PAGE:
In a judgment dated 26th November, 2020, a single judge bench of Justice Pratibha M Singh of Delhi High Court while adjudicating the matter between M/s Venus Recruiters Pvt. Ltd. v. Union of India (2020) ibclaw.in 41 HC, held that an avoidance application relating to preferential transaction under section 43 of Insolvency and Bankruptcy Code shall not survive beyond the conclusion of the insolvency resolution process.
The court observed that the continuation of the Resolution Professional for the purpose of prosecuting an avoidance application after the completion of insolvency resolution process (CIRP) is beyond the contemplation of the IBC.
The petitioner, M/s Venus Recruiters Pvt. Ltd. was found in a suspected transaction, with Bhushan Steel Ltd. (now known as Tata Steel BSL Ltd.), the Corporate Debtor. Accordingly, an avoidance application was filed by the Resolution Professional (RP) before the National Company Law Tribunal (NCLT
The Corporate Debtor was under CIRP, initiated by the State Bank of India on 26th July 2017. The COC approved the Resolution Plan in COC and the RP filed the same on 28th March 2018 for approval by the Adjudicating Authority. The RP filed application under Section 43 for avoidance transaction on 9th April 2018. The proposed Resolution Plan was approved by the NCLT vide order dated 15th May 2018 and all the pending applications were disposed off. The avoidance application was not heard nor dealt with on the merits.
Eventually, the new management took over the Corporate Debtor pursuant to the order and NCLT passed an order in the avoidance application and issued notice to certain parties. By the time the petitioner was impleaded as a party to the avoidance application and issued notice, the resolution plan of the original corporate debtor had already been approved by the NCLT. The petitioner’s objection was that since NCLT had disposed of all the pending application when it approved the resolution plan and the new management had taken over the Corporate Debtor, NCLT could not have proceeded with the avoidance application.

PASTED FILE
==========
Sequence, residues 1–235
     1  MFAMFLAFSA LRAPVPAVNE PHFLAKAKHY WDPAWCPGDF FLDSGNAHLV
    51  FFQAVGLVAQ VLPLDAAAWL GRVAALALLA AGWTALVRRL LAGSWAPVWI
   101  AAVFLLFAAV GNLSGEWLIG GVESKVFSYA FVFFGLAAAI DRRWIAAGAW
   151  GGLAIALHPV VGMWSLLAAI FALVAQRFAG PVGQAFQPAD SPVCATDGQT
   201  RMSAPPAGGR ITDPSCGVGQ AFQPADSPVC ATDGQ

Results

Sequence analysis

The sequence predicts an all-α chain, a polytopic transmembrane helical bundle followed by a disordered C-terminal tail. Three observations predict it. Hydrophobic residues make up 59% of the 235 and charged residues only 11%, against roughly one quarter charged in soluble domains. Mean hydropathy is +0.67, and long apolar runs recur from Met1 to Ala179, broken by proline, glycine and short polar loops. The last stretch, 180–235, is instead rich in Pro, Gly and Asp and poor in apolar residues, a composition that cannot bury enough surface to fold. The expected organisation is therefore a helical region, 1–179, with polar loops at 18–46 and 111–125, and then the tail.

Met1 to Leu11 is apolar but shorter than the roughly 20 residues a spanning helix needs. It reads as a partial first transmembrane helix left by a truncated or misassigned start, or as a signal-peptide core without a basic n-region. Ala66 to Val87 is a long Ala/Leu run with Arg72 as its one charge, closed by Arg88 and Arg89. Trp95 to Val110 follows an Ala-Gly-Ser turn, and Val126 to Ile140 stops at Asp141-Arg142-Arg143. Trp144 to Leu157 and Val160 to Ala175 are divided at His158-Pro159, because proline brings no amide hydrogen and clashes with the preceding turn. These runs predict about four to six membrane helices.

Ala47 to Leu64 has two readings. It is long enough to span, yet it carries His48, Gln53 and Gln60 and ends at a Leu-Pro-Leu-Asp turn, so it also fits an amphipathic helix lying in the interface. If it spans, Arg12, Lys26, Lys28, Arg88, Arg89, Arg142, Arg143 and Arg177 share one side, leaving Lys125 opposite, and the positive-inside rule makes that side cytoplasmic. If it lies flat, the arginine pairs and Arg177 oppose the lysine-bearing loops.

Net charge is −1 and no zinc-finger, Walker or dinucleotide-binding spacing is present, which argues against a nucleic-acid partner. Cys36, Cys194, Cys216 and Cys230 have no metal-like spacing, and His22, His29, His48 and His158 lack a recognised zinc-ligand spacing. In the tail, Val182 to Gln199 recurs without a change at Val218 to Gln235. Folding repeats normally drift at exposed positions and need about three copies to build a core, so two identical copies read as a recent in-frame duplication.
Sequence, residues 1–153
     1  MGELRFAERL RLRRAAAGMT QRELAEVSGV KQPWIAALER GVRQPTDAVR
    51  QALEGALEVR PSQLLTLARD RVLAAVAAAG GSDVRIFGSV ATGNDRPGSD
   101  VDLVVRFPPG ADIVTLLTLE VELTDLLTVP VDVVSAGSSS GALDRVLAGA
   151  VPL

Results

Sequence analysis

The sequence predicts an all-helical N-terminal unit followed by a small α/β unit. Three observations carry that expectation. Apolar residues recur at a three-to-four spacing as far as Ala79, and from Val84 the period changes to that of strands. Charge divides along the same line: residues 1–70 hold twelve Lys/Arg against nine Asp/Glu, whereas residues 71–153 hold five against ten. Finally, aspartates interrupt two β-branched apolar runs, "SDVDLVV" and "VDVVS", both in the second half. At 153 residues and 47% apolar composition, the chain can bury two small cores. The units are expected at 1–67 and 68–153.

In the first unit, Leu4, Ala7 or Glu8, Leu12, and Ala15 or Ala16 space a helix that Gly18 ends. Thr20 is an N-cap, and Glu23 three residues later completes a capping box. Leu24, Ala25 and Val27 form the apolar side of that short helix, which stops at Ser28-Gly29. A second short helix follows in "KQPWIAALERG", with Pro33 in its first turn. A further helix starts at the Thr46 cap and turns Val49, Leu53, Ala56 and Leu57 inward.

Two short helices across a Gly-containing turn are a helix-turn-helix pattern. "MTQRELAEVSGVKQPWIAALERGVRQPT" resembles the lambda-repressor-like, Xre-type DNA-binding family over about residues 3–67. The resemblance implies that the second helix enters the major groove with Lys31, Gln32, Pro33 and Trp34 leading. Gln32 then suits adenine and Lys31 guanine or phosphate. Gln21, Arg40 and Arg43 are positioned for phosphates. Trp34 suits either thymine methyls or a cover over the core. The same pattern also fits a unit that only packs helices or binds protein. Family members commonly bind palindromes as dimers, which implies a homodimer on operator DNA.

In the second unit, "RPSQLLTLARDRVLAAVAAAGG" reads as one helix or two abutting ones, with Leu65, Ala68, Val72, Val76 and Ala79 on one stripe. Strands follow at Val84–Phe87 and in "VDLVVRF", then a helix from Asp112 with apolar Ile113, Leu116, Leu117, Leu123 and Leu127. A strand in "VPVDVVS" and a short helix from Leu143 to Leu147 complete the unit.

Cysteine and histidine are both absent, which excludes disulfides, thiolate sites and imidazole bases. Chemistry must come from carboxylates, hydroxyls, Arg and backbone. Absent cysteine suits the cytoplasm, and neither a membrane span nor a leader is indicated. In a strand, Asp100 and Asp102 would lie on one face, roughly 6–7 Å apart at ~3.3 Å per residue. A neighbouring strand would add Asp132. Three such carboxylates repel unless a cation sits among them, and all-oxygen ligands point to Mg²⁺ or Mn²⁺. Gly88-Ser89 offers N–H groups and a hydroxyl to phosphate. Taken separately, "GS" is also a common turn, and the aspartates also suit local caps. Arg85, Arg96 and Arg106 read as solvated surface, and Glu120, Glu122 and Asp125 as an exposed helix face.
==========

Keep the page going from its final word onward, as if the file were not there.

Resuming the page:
The petitioner made the following submissions:
- Once the CIRP has reached finality, the RP becomes functus officio and can no longer file or pursue any application on behalf of the company.
- In terms of section 60 IBC, jurisdiction of NCLT cannot extend beyond the approval of the Resolution Plan.
- Avoidance application ought to be taken before conclusion of the CIRP and such preferential transactions should form part of the Resolution Plan which is submitted to the CoC.
The opposition team argued that:
- Intention of the IBC is to delink the CIRP proceedings from the avoidance transactions since adjudication of such transaction takes longer than the timeline stipulated in the adjudicatory process.
- Power of the Resolution Professional is independent of the CIRP proceedings.
- In spite of the notice in avoidance proceedings in 2018, the petitioner approached the High Court only in 2019.
The Court made an observation that an avoidance application for any preferential transaction is meant to give some benefit to the creditors of the Corporate Debtor and not the ‘New Corporate Debtor’ post the approval of the Resolution Plan. The Court further held that while IBC itself did not fix any time limits for filing of avoidance applications, CIRP Regulations in Chapter X clearly stipulates the “structure and methodology for dealing with objectionable transactions”.